Silicon Sky: How One Small Start-Up Went over the Top to Beat the Big Boys into Satellite Heaven

By Gary Dorsey | Go to book overview

CHAPTER FOUR
October 1992
Intramurals

One morning in early October, Bob Lovell walked into Dave Steffy's office unannounced and firmly shut the door. His face looked strained and drawn.

Too many development projects springing up simultaneously splintered his attention across a range of problems that proved much too costly at this early stage of the space division's existence. He shared his week's schedule briefly as soon as he sat down, beginning with a flight to London to shore up contractual and engineering nits over the purchase and rehabilitation of a hefty L-1011 airplane needed for future Pegasus launches. Without a regular stream of Orbcomm payments, he explained, even though the satellite builders were falling behind schedule, the company would have trouble purchasing the L-1011.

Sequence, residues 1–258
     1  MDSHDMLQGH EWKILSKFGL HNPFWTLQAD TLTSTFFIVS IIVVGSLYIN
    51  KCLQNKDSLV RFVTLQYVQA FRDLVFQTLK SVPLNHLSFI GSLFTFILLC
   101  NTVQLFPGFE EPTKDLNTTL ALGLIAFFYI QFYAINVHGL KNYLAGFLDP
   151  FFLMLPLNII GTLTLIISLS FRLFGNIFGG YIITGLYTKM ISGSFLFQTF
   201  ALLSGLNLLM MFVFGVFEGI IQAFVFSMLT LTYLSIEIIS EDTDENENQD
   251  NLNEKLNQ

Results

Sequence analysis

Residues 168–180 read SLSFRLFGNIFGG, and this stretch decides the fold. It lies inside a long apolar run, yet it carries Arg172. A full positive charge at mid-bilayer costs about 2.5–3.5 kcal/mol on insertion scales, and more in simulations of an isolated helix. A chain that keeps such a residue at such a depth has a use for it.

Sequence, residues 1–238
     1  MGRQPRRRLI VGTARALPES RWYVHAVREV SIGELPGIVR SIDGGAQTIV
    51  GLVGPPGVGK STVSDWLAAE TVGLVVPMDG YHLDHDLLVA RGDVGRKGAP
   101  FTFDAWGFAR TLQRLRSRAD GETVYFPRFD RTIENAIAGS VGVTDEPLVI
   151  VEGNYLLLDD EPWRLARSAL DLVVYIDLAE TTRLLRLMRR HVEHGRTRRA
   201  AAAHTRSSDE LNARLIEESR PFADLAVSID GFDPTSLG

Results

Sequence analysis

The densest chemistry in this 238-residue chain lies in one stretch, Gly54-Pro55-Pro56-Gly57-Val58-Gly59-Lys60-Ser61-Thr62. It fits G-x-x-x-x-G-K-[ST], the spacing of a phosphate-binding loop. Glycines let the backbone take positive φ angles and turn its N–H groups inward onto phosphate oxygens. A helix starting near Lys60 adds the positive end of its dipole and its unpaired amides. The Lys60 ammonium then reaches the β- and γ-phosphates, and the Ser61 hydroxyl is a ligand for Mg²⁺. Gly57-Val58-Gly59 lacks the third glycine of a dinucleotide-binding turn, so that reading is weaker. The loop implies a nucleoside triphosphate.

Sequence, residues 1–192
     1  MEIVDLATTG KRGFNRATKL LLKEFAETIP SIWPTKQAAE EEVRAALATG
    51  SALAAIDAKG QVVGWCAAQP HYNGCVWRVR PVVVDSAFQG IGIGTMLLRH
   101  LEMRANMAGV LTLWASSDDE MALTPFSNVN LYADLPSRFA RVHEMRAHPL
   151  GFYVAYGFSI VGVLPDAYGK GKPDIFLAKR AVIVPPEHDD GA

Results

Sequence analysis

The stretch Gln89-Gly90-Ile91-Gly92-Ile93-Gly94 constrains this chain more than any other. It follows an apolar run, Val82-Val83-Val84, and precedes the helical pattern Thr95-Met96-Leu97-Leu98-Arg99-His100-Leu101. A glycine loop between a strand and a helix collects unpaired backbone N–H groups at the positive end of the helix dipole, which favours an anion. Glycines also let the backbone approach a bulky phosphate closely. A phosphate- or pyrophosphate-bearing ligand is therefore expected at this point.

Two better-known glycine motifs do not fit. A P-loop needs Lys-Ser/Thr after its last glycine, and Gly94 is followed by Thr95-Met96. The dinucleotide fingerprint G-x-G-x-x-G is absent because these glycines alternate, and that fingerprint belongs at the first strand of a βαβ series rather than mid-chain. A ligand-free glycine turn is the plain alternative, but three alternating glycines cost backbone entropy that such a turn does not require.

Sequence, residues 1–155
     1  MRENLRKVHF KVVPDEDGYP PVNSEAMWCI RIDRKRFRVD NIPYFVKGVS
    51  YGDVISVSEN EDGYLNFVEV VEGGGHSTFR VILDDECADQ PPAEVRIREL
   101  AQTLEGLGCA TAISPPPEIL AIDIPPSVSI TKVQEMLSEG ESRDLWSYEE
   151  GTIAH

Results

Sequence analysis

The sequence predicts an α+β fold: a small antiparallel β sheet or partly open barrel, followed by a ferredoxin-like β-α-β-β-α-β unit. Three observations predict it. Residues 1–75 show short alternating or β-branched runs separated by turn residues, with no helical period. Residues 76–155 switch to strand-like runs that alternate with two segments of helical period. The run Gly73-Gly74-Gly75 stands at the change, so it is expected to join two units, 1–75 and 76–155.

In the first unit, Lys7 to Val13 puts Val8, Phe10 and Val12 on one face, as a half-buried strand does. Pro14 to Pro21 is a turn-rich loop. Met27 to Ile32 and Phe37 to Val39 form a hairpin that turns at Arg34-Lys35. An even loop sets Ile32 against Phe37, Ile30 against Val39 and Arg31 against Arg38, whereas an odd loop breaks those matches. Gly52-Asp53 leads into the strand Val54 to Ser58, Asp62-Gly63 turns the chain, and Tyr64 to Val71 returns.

Obviously, news that Steffy's team would slip the July '93 launch date had serious repercussions. Timing, after all, was critical.

Looking across the top of his spectacles, Lovell said; "Sometimes engineers have technical strengths and miss the business impact, Dave. And that can get you in a ton of trouble."

Lovell was at least twenty years older than Steffy, a handsome, plainspoken, rough-hewn gentleman with impeccable credentials and excellent connections. During his career at NASA, he had coordinated the development of the world's first international satellite search-and-rescue system, known as COSPAS/SARSAT, and bid the first contracts on technological experiments that became the basis for Motorola's Iridium constellation, now emerging,

-52-

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